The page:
IADC Advocates Prompt Return to Deepwater Drilling

The International Association of Drilling Contractors filed testimony with the Department of Energy's National Commission on the BP Deepwater Horizon Oil Spill and Offshore Drilling advocating a prompt return to deep-water drilling. IADC presented data that offshore drilling, including deep water, has a proven safety record when conducted according to accepted industry standards. Some 14,000 deep-water wells have been drilled without major incident until the recent Macondo blowout, "an extreme and unprecedented event," the testimony said.

According to government statistics, more than 2,500 deep-water wells have been drilled since 2006. Only three well control incidents spilling 25.5 barrels occurred over that time, excluding Macondo. The employment and economic implications of a continued ban are severe and potentially catastrophic, IADC said. Its study of 11,875 offshore and support personnel shows that these individuals call 296 (68 percent) of Congressional Districts home.

"Few states lack representation among this group of US citizens," IADC noted.

The study does not include the tens of thousands of workers at oil-field service companies, equipment manufacturers, oil companies, or supporting industries, such as caterers or machine shops.

While a significant portion of goods and services are manufactured along the Gulf Coast, firms across the nation supply the offshore industry. Examples are

  • Wire rope -- Missouri and Arkansas;
  • Radiators -- Minnesota;
  • Steel, pipe and pipe-protective chemicals -- Ohio;
  • Protective paints -- Missouri;
  • Machinery -- Michigan;
  • Engines, fabrics, uniforms and drilling equipment -- Illinois;
  • Corrosion preventive materials -- Illinois and Minnesota;
  • Electrical cables -- Connecticut;
  • Drilling equipment -- Kansas;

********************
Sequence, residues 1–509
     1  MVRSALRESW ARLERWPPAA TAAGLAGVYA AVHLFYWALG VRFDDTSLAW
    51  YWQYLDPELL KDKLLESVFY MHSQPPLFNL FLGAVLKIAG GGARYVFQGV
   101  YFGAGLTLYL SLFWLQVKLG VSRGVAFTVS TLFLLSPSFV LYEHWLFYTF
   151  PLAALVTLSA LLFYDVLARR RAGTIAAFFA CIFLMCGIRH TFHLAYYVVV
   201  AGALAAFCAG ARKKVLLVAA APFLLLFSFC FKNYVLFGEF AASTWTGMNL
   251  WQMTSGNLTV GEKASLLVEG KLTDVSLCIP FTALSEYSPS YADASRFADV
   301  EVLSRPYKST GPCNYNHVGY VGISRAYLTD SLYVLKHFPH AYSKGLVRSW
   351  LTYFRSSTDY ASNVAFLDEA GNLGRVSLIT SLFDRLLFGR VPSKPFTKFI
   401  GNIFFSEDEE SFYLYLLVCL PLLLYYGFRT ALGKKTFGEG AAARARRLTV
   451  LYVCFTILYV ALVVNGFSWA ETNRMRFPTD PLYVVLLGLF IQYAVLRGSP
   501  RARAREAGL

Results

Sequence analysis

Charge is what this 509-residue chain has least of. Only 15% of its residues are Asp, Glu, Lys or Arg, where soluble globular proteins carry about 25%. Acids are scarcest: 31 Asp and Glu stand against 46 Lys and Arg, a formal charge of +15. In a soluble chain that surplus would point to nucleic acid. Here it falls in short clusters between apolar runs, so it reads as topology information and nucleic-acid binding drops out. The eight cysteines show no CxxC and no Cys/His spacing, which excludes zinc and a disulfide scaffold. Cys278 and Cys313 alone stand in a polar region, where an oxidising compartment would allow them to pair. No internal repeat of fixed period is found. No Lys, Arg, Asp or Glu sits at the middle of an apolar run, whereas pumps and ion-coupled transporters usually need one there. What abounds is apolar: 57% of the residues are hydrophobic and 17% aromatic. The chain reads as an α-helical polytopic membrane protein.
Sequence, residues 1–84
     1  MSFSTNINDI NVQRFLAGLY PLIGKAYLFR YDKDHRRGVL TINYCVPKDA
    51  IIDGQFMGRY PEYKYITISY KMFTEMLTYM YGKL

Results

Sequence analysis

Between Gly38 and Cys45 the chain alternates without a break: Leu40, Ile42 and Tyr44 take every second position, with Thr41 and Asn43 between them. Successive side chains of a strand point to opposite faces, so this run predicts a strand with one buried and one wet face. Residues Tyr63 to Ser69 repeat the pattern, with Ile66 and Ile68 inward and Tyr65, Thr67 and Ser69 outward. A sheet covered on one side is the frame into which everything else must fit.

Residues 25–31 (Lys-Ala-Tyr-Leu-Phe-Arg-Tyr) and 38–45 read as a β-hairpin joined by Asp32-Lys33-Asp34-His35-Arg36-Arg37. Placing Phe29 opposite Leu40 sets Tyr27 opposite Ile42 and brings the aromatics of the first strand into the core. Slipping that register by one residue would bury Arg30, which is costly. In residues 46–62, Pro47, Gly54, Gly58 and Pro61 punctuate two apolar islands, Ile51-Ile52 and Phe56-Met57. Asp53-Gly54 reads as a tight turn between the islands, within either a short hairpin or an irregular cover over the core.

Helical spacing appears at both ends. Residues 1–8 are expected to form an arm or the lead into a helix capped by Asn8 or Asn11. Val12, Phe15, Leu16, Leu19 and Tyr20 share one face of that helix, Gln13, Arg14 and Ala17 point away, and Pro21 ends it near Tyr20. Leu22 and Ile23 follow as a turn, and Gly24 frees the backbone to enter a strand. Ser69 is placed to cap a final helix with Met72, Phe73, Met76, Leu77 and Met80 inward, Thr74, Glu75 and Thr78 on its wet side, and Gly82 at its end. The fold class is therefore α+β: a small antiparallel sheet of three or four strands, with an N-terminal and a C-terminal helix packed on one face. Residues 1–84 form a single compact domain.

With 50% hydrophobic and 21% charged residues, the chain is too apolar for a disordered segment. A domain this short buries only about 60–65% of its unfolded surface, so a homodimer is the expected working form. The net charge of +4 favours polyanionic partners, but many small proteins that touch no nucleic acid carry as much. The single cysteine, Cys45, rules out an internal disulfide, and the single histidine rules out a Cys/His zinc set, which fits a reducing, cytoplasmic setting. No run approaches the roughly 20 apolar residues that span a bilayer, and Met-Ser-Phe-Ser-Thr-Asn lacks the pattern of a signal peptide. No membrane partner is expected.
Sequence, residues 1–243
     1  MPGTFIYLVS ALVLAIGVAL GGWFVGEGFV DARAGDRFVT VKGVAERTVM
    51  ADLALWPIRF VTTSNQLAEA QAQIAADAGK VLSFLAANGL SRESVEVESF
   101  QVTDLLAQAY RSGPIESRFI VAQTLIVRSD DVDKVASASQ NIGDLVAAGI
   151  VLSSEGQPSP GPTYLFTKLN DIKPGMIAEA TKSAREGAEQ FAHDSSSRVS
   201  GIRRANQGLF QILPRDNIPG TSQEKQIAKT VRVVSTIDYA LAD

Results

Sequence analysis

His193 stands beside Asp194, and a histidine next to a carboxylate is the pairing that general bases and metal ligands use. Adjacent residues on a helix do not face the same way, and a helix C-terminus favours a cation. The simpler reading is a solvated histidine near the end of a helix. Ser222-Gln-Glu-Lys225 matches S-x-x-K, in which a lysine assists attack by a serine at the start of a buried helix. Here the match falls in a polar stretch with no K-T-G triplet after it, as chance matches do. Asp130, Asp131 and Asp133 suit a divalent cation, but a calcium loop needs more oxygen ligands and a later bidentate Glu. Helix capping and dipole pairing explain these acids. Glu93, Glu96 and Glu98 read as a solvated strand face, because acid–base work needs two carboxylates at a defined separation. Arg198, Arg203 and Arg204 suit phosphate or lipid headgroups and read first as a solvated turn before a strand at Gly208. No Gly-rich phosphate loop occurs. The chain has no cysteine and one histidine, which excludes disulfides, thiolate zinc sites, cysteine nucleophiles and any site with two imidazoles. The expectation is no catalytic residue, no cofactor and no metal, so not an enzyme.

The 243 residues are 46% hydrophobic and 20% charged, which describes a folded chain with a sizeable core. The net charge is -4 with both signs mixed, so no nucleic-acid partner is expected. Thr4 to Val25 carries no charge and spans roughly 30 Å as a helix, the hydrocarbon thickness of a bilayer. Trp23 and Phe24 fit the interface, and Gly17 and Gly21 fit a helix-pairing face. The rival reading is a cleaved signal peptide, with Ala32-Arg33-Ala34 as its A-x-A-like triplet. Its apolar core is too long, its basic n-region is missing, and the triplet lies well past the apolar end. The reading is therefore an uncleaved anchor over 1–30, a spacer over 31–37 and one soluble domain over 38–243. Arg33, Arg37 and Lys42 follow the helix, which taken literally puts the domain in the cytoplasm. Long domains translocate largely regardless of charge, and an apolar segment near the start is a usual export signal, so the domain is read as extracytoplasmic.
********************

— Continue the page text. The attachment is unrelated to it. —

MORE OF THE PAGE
• Background checks and security services -- Wisconsin;
  • Safety footwear -- Oregon.

If rigs move overseas, these jobs go with them. It is unwise in these tough times to export good-paying jobs. When these jobs vanish, these citizens' communities will suffer, IADC said.

IADC recommends a return to offshore drilling that includes recertifying all blowout prevention equipment and ensuring their suitability for the rig and well design in compliance with the Department of Interior's new standards. In addition, all personnel should be subject to industry- and government-accepted standards for well-control procedures, such as IADC's Well Control Accreditation Program. Finally, IADC recommends reviews of all operator plans, especially casing and cementing designs, to ensure sufficient pressure barriers and adequate designs.

IADC endorsed the DOI's recommendation to adopt the IADC Health, Safety & Environmental Case Guidelines to facilitate Well Construction Interface Documents for GOM operations. This system of risk management, submitted in a drilling application, is internationally recognized and should be accepted by the US, IADC said.


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